Drywalling DIY: the Toolkit You’ll Need
If you’re just starting to learn how to drywall (or even if you’ve got some experience and want to deepen your knowledge), one of the first things you should consider is what tools you’ll need to finish the job efficiently, effectively, and beautifully. In this article, we’ll take a look both at essential tools (the stuff you absolutely have to have if you want to complete your project) and at some extras (the optional stuff “toys” that make the job easier, faster, or more fun). Let’s get into it!
Drywall work does require some special tools but fortunately, much of what you’ll need to do basic drywall jobs at home are tools you may already have (utility knife, safety goggles, measuring tape, drill, snips, etc.). Outside of that basic “DIY toolkit” that you would expect to need, you’ll also require some specific equipment for each of the two major phases of drywall construction (hanging and finishing). Here are the drywall-specific tools and supplies you can’t work without:
- Dust mask. Working with sheetrock generates a lot of dust. A lot. And more importantly, that dust is composed of fine silica particles which can cause health problems if you breathe it in. Take your health protection seriously and stock up on dust masks.
- Drywall T-square. Even if you have a T-square already, you will want to get one made for drywall work. Why? Well, the drywall T-square is 48”long, meaning you can square up and cut across an entire 4×8 sheet of drywall in a single cut. This not only saves time, but eliminates wavy lines that can result from re-positioning.
- Drywall saw. You’ll use a utility knife with the T-square when you want straight lines, but the drywall saw is your go-to when you need to cut shapes out of the middle of the board – such as for electrical outlets. The tip is sharp enough to easily puncture the drywall and the blade is narrow and roughly triangular so you can start cuts exactly where you want and make very precise shapes in the middle of the board.
- Drywall screws. It may sound obvious, but if you were thinking about just using whatever screws you have lying around to hang your sheetrock: don’t. Get the right screws to ensure a good hang, which will save you time and effort later on. Use coarse-thread if they’re going into wooden studs and fine-thread if they’re going into metal.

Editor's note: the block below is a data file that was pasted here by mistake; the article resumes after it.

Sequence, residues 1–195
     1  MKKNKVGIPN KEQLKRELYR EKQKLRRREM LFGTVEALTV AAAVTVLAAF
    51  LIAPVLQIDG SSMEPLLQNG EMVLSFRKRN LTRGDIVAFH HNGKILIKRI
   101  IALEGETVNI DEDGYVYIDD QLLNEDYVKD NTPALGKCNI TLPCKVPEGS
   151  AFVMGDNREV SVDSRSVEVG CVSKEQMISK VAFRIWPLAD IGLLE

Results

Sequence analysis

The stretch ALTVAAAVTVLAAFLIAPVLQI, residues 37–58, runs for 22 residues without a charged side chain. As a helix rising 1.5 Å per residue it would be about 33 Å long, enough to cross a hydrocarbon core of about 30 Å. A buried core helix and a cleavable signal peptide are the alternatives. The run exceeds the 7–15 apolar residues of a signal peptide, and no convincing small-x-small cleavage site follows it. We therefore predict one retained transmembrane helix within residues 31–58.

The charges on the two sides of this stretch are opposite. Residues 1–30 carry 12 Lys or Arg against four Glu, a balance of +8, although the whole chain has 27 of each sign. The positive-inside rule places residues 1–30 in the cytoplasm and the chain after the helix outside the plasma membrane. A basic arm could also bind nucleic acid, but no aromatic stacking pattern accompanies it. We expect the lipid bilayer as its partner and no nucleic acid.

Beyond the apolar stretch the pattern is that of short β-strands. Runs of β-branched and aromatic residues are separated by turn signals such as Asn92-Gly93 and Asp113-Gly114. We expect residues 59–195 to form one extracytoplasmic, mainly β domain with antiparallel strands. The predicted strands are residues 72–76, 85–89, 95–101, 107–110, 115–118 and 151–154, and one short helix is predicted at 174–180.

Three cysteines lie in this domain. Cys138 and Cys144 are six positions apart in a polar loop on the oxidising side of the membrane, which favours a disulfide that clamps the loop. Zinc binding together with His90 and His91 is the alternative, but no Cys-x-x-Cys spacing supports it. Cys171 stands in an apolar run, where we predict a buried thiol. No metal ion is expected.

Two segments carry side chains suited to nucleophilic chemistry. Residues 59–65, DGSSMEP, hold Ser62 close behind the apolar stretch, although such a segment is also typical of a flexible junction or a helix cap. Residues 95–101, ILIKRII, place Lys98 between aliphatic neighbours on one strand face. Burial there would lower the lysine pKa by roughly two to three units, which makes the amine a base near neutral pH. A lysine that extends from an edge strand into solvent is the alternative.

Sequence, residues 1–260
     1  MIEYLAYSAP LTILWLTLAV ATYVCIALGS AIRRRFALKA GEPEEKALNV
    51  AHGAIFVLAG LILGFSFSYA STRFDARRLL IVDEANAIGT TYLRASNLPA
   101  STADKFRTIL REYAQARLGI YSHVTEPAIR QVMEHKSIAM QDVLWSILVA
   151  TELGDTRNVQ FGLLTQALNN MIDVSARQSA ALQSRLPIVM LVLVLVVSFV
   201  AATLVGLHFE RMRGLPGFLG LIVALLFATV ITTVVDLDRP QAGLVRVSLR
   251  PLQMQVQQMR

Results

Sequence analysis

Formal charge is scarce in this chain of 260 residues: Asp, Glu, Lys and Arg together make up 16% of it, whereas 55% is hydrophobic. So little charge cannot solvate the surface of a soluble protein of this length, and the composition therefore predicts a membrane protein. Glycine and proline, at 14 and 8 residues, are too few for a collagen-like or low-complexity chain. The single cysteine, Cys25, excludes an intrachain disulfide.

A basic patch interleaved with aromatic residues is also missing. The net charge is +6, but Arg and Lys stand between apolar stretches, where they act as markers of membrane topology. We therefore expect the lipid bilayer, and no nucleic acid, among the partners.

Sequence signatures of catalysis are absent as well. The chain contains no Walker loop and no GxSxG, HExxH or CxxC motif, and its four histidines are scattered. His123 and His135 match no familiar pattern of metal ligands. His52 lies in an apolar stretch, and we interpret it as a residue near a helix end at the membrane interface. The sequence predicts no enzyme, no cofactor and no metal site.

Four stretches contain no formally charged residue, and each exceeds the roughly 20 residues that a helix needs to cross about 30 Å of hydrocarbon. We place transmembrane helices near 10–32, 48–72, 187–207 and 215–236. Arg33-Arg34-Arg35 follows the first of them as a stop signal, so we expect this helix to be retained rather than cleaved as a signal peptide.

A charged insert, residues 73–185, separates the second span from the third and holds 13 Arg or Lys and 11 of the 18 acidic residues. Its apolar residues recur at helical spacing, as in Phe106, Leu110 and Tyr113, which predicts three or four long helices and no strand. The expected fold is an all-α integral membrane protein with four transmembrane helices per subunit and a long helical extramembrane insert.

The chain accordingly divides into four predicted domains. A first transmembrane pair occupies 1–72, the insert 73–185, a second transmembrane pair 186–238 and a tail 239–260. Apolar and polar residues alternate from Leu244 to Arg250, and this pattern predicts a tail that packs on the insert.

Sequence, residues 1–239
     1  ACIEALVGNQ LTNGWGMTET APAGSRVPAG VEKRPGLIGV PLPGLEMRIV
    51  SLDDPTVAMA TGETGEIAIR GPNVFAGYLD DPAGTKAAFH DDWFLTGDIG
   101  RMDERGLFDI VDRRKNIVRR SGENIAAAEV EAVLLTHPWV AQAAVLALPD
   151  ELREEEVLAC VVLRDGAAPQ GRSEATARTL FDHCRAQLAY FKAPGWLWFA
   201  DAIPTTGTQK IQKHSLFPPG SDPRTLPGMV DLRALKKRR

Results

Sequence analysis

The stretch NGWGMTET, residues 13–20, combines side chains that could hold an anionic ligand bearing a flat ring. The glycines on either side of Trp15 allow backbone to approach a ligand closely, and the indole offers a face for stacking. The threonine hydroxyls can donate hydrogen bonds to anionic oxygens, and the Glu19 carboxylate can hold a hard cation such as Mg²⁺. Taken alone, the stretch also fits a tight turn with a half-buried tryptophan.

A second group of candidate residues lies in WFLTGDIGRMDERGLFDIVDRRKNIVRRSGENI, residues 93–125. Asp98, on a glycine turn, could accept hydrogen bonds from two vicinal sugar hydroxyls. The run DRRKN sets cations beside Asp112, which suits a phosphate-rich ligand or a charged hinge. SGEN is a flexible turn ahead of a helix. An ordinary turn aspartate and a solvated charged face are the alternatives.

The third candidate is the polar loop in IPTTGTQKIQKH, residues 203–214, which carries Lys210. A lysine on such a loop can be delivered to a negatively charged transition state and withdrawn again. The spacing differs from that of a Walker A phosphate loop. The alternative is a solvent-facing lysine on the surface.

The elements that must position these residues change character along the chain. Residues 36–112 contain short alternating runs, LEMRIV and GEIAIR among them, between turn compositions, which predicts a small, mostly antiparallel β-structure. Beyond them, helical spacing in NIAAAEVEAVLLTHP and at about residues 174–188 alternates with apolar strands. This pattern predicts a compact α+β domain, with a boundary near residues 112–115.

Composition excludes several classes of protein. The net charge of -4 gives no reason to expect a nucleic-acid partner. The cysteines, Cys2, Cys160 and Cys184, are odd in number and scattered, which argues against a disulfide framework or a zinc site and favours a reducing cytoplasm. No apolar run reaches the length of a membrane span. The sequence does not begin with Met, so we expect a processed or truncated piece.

- Taping knives. You’ll want several – at a bare minimum, get knives in widths of 6”, 8”, 10”, and 12”. These knives are crucial for mudding and taping your drywall once it’s hung and will directly affect your ability to create a smooth, even result in your walls and ceiling.
- Drywall tape. This special tape is used, along with joint compound, to cover the seams between drywall boards. It helps create a smooth, flat surface in the final product and also helps keep the boards from shifting around which can cause the drywall to crack later on, requiring repairs.
- Joint compound. Along with taping knives and tape, this product (also commonly referred to as “mud”) starts as a sort of thick paste and hardens to a firm, durable, sandable surface. It is used as a sort of glue to reinforce the joints, embed drywall tape to the sheetrock, and to attach other drywall components to the sheetrock.
- Hawk or mud pan. There are two tools that you can use to hold the joint compound while you work (so you don’t have to constantly go back to the bucket every five minutes). You don’t need both – either one will do – but if you’re new to drywall work, you may want to get one of each so you can figure out which is more comfortable for you.
- Corner bead. Available in both metal and vinyl varieties, corner bead is a protective strip that fits onto an outside corner to protect it from impact. Drywall is a great building material for a lot of reasons, but it can crack or even break off if subject to impact, especially at the edges, so these simple strips reinforce the areas most likely to see such impacts – the exposed edges of outside corners.
- Sanding sheets. Once your mud dries, you’ll need sanding sheets in multiple grits from coarse to fine to work your way down to the perfectly smooth finish of your dreams.
- Sanding block. This is a sort of grip that you attach the sanding sheets to so that you can apply an even pressure and work over a larger area. It may sound like an extra, but if you want your wall or ceiling to have a consistent look when you finish, you’ll need this.